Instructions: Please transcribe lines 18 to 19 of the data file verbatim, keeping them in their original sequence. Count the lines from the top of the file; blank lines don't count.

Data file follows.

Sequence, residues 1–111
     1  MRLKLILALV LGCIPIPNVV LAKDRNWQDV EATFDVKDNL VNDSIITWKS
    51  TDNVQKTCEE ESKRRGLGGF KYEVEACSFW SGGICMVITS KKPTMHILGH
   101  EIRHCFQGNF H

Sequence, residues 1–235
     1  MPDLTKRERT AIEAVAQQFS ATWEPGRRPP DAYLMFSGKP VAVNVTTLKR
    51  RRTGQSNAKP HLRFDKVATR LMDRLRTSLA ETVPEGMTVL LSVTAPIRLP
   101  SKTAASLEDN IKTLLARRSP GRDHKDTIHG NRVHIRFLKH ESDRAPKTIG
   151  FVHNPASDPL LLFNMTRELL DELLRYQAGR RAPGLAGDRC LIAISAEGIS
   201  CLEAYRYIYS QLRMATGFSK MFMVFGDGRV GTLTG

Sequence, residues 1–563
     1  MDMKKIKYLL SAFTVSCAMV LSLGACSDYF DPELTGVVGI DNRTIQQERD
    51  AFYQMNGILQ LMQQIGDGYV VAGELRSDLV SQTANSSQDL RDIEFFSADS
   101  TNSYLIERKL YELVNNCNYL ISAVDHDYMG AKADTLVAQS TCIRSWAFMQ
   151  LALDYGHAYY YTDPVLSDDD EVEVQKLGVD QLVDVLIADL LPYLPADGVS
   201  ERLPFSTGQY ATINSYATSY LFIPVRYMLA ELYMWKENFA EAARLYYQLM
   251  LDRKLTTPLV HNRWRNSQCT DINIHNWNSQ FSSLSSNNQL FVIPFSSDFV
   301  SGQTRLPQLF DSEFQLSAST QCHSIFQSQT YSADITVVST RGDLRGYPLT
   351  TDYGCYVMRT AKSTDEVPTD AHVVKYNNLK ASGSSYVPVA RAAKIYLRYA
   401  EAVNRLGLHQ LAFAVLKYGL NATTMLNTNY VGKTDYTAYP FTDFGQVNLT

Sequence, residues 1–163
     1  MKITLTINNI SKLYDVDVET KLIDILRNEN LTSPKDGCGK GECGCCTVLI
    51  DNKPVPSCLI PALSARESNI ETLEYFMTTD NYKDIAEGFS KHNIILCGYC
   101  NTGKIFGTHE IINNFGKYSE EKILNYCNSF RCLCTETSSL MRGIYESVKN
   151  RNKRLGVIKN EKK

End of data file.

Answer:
   301  SGQTRLPQLF DSEFQLSAST QCHSIFQSQT YSADITVVST RGDLRGYPLT
   351  TDYGCYVMRT AKSTDEVPTD AHVVKYNNLK ASGSSYVPVA RAAKIYLRYA